Spain’s bailed-out Bankia plans shareholder pay out next year

 22 Mar 2014 - 6:58

Bankia’s Chief Executive Jose Ignacio Goirigolzarri (left) and the Directors Board Secretary Miguel Crespo at the annual shareholder meeting in Valencia, yesterday.

VALENCIA: Spain’s bailed-out Bankia aims to pay a dividend next year, allowing the state to recoup more of the billions of euros taxpayers poured into the bank and helping to compensate thousands of small investors who lost money.
Once a symbol of Spain’s financial crisis, Bankia has evolved into a sign of the country’s economic recovery after it returned to profit in 2013 and the government began selling its majority stake, turning a small profit. 
But the bank still draws anger from small investors, who believe they were mis-sold complex savings products that became Bankia shares when the bank was rescued in the country’s biggest corporate bail-out.
About one hundred of them demanded compensation outside the bank’s annual shareholder meeting on Friday in Valencia, where it has its headquarters. They heckled Bankia’s Chairman Jose Ignacio Goirigolzarri as he told the meeting the bank aimed to  paying a dividend in 2015. 
This would be the earliest Bankia could make a payout to shareholders under the terms of its rescue. The dividend would be taken against 2014 profits, and submitted for shareholders’ approval at next year’s annual meeting.
“I can assure you that the board and the whole Bankia team is working with all the effort and commitment needed to make this dividend payout possible,” Goirigolzarri, who took over  when the bank was rescued in mid-2012, said.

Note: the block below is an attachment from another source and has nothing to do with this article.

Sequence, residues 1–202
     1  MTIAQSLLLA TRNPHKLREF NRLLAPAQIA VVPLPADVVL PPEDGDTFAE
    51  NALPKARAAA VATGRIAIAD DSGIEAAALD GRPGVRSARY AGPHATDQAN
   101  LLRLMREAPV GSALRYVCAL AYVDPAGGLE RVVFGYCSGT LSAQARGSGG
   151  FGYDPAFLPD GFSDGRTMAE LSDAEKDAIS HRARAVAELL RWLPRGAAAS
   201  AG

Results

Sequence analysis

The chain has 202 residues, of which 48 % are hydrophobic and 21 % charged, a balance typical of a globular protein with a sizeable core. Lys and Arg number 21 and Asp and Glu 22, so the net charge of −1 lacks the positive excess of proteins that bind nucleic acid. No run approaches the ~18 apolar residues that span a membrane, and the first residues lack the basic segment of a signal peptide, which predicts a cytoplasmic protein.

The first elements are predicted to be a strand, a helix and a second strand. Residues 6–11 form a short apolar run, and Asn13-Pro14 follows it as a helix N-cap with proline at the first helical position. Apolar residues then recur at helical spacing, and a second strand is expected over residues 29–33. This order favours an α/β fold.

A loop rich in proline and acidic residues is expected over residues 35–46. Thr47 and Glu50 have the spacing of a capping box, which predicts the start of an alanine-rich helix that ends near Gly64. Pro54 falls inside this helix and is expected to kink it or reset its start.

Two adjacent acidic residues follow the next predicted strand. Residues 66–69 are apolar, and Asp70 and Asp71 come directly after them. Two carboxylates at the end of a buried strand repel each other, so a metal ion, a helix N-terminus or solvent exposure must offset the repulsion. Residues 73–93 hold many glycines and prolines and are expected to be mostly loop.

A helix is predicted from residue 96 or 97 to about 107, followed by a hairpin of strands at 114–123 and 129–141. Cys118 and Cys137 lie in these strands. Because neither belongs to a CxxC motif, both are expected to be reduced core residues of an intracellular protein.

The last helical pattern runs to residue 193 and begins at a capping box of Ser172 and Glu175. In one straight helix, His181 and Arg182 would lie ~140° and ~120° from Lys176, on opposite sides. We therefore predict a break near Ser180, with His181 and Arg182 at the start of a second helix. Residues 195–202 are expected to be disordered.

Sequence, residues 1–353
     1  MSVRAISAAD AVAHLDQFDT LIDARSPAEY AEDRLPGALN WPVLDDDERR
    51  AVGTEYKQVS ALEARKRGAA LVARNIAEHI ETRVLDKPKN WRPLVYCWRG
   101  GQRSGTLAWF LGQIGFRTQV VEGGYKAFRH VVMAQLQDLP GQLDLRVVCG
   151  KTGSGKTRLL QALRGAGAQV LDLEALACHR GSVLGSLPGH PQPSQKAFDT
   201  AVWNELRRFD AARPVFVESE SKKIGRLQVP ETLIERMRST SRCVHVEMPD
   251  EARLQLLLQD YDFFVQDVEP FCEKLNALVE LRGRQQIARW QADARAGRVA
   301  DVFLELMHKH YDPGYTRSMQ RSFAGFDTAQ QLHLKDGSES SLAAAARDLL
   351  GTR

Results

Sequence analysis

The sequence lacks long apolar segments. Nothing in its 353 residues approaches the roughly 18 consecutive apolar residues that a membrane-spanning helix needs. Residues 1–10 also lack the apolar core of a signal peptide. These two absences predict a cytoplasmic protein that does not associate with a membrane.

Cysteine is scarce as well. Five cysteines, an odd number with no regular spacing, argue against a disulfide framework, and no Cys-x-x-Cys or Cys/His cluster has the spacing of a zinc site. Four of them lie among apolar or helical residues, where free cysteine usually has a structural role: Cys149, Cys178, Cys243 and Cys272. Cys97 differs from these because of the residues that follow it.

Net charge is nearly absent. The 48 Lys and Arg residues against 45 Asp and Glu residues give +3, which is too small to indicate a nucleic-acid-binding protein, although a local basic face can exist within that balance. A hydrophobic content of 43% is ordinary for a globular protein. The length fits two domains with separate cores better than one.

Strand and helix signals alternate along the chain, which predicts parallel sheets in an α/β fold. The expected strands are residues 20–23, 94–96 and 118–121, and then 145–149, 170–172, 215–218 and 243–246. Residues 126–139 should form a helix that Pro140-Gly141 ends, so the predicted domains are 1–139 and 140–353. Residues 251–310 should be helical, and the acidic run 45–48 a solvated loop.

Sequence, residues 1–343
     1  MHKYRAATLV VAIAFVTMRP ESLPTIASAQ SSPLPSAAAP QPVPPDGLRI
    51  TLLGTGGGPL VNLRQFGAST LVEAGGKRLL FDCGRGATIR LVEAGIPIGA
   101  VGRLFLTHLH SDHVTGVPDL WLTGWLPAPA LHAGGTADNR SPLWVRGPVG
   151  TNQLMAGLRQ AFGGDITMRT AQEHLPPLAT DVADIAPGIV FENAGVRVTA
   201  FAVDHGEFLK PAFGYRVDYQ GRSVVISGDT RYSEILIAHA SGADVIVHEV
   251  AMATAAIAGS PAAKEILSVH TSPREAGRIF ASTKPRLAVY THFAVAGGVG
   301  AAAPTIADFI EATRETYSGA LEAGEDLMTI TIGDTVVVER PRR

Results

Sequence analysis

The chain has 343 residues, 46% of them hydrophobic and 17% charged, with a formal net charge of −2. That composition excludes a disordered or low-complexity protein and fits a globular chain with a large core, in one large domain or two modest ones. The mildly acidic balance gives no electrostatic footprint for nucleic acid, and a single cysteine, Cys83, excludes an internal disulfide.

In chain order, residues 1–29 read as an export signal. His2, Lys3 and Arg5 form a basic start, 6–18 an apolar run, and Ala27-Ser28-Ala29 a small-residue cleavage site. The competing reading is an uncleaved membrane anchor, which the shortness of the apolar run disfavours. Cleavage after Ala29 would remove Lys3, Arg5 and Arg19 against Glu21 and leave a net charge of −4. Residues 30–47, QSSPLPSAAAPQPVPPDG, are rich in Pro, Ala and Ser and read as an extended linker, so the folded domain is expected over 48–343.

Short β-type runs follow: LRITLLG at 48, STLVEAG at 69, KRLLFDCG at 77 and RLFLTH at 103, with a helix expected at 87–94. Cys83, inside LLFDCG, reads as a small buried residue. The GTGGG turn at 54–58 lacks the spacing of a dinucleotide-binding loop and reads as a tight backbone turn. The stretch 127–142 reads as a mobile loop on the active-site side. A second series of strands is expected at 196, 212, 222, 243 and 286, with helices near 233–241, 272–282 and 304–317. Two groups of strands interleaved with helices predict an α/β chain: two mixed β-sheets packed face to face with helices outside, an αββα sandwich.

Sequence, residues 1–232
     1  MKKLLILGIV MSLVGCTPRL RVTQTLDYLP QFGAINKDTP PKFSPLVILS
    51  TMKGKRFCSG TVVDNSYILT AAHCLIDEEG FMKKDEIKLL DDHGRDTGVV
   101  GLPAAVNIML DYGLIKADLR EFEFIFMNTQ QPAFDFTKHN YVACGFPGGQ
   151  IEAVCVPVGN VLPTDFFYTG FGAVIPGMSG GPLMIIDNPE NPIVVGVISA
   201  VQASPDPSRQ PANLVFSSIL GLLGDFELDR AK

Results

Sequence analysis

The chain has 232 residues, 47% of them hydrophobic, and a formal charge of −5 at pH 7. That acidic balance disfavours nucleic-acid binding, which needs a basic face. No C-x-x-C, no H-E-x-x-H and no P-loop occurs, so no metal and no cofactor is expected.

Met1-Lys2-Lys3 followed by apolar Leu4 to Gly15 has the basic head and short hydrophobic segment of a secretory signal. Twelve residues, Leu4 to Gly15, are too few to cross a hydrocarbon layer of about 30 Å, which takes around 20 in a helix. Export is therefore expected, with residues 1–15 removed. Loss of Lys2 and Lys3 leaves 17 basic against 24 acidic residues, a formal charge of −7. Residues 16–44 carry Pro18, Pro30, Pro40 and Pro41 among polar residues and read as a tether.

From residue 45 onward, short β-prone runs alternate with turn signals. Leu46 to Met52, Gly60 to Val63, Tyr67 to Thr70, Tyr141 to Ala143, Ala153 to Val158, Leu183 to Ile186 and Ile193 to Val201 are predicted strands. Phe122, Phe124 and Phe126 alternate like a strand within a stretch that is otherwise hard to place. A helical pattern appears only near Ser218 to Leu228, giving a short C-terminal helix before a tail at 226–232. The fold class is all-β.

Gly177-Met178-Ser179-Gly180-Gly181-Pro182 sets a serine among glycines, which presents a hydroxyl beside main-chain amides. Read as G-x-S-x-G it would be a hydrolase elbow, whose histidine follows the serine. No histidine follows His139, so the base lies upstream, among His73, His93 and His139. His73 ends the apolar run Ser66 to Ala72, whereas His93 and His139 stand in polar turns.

“It would be a way to reward our shareholders’ faithfulness, and it would also be an additional means of returning aid to Spanish taxpayers,” he said. 
Created via the merger of seven savings banks in 2010, Bankia was crippled by soured property investments and rescued less than a year after joining Madrid’s stock exchange. 
Now 60.1 percent government-owned, it took ¤22.5bn ($31bn) in state aid altogether and has never paid a dividend. 
The government sold a 7.5 percent stake last month, attracting big name investors such as billionaire financier George Soros. International funds now own more than 19 percent of the bank’s capital, up from under 4 percent last May.
When the bank was rescued about 285,000 people, including many pensioners, held Bankia preference shares and subordinated debt which had to be exchanged into shares at discounts after Bankia had to accept a ¤41.3bn rescue from Europe.    
Consumer group ADICAE, which represents many investors involved in that exchange, said dismissed Bankia’s talk of dividends next year and called for the bank’s management to focus on investigating and making up for past errors.